Woman Bitten by a Snake  

From The Art and Popular Culture Encyclopedia

Jump to: navigation, search

Related e

Google
Wikipedia
Wiktionary
Wiki Commons
Wikiquote
Wikisource
YouTube
Shop


Featured:
Train wreck at Montparnasse (October 22, 1895) by Studio Lévy and Sons.
Enlarge
Train wreck at Montparnasse (October 22, 1895) by Studio Lévy and Sons.

Femme piquée par un serpent[1] (Woman Bitten by a Snake, 1847) is a sculpture by Auguste Clésinger, today in Musée d'Orsay. Its model was Apollonie Sabatier.

Background

At the 1847 Salon, Auguste Clésinger created a sensation with his Woman bitten by a serpent, produced from life-casts from his model Apollonie Sabatier (the pose being particularly suitable for such a method), thus reinforcing the scandal with an erotic dimension. Apppolonie Sabatier was a salonnière and the mistress of Charles Baudelaire and others. The sculpture's beauty was praised by Théophile Gautier:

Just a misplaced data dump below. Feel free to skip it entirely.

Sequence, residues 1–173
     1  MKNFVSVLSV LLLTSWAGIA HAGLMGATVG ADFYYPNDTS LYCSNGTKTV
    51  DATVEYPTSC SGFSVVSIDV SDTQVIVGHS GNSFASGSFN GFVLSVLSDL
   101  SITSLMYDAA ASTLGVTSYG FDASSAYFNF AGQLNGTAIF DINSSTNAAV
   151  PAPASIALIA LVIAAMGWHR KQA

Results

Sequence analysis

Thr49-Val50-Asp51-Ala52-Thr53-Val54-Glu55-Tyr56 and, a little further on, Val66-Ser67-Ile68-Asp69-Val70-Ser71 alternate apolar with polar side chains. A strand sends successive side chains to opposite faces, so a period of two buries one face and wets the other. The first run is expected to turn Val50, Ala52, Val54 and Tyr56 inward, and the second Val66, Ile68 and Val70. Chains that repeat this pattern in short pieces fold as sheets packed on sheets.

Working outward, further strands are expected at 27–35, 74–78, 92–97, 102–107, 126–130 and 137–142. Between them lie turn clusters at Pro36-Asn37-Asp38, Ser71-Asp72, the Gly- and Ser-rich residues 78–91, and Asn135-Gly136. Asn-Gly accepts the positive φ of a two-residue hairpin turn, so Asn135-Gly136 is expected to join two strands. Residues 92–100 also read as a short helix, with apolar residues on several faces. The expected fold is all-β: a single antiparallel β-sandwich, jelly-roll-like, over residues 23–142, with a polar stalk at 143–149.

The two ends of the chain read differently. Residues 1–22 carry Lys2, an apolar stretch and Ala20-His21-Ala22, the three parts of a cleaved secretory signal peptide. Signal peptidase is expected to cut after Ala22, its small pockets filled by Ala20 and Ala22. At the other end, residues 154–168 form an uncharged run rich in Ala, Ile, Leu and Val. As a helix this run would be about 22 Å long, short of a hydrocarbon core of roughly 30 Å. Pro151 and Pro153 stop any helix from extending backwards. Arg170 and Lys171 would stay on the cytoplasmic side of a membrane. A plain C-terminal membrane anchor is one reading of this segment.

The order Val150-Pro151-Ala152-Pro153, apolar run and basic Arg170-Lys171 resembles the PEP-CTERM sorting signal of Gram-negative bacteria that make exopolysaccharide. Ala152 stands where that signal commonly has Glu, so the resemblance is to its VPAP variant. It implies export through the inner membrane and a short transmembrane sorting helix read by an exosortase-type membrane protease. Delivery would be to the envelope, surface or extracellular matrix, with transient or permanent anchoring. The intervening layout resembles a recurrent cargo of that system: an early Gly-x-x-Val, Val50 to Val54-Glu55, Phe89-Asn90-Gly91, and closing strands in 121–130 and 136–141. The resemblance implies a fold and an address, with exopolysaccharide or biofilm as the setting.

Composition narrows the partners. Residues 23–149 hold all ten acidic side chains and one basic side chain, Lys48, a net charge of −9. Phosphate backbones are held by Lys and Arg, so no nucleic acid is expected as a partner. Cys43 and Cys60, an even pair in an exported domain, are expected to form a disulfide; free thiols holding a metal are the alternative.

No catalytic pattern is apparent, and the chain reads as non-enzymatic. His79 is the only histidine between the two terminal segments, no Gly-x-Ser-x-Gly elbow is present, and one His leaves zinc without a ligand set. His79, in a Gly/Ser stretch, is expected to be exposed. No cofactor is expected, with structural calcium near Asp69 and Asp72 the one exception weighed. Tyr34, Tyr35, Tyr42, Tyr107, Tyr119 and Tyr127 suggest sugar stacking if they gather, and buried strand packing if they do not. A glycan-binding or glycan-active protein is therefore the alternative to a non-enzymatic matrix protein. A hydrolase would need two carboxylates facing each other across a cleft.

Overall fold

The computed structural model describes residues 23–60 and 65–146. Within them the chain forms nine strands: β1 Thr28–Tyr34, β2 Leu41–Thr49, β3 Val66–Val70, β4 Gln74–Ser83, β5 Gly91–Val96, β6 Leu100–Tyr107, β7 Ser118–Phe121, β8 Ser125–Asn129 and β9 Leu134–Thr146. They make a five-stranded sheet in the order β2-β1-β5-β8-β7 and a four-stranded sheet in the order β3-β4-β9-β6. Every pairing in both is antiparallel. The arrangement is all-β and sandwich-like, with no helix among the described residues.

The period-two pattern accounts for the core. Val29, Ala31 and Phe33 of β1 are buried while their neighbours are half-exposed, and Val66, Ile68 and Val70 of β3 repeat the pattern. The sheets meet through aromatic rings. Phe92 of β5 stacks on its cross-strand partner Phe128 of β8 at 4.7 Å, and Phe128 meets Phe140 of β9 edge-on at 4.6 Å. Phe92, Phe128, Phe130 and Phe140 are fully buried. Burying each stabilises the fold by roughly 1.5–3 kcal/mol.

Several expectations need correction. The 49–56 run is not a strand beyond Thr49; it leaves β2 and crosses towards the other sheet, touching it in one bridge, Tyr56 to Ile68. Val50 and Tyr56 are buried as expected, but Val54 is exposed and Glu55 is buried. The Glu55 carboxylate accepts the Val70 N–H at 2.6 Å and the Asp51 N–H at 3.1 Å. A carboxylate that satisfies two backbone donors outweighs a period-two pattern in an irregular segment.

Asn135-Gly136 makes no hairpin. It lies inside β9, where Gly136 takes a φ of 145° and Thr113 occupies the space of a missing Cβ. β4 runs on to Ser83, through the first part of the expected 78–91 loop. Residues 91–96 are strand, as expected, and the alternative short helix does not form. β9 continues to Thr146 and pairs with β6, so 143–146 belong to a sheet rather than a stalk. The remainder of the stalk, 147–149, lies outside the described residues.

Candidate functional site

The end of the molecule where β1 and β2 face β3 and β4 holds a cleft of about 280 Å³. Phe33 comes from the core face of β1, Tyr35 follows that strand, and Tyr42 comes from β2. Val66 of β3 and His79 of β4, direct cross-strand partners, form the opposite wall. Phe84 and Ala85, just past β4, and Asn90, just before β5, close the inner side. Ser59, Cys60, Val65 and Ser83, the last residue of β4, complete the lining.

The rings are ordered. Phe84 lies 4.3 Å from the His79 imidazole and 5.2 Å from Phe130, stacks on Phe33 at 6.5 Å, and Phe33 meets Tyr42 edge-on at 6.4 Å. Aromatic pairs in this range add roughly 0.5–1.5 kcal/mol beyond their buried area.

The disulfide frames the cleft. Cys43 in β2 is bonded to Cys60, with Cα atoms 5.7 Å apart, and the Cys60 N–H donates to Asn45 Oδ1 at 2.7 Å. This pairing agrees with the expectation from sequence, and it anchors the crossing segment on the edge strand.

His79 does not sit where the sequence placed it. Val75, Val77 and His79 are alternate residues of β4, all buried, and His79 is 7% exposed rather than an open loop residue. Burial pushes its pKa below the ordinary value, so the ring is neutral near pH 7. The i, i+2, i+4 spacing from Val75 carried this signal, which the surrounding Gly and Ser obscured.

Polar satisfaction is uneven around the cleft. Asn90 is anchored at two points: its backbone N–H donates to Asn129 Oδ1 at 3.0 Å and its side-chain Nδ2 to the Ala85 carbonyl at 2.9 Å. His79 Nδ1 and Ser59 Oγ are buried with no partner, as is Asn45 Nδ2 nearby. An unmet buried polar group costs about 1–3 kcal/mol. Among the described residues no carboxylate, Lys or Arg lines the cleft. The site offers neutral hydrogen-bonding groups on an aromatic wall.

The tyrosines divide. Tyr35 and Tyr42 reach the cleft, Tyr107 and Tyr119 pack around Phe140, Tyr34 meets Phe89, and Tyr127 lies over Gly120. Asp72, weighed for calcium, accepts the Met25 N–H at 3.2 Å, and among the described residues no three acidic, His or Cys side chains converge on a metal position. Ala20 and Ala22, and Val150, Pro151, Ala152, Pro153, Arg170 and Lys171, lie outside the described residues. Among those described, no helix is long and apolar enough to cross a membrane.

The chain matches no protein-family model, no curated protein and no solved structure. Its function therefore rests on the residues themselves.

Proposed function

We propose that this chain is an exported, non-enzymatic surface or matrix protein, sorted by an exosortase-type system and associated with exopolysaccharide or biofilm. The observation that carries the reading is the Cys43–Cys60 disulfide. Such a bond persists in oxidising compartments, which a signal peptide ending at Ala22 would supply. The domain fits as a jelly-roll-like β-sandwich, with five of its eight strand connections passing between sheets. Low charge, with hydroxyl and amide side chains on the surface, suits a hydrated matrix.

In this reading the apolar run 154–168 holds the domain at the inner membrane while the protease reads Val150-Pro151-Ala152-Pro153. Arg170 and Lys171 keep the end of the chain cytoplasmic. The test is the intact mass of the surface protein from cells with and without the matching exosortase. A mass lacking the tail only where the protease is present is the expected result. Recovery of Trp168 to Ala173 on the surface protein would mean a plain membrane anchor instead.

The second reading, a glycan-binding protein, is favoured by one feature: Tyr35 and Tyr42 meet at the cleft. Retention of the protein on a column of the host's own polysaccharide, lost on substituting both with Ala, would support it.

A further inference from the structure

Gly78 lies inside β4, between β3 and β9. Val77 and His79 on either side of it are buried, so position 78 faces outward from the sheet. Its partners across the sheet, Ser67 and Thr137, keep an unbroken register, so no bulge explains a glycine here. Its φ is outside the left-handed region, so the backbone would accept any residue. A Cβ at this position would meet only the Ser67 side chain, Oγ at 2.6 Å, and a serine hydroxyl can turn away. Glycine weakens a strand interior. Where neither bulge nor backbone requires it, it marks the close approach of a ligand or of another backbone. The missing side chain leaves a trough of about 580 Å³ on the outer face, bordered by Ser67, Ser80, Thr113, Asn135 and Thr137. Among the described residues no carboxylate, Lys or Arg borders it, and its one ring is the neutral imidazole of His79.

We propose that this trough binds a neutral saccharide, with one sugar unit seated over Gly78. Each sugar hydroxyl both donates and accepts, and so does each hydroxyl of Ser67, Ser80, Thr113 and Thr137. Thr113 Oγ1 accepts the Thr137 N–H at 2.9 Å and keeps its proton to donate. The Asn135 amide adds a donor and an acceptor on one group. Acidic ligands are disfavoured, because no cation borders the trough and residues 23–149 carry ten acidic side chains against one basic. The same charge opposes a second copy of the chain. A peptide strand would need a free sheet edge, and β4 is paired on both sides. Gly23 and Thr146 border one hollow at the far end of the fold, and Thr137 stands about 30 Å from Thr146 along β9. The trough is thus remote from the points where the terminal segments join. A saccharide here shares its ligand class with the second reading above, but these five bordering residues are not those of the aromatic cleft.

"Clésinger has resolved this problem of making beauty without cuteness, without affectation, without mannerism, with a head and a body of our own time, in which can be recognised his mistress if she is beautiful"

See also




Unless indicated otherwise, the text in this article is either based on Wikipedia article "Woman Bitten by a Snake" or another language Wikipedia page thereof used under the terms of the GNU Free Documentation License; or on original research by Jahsonic and friends. See Art and Popular Culture's copyright notice.

Personal tools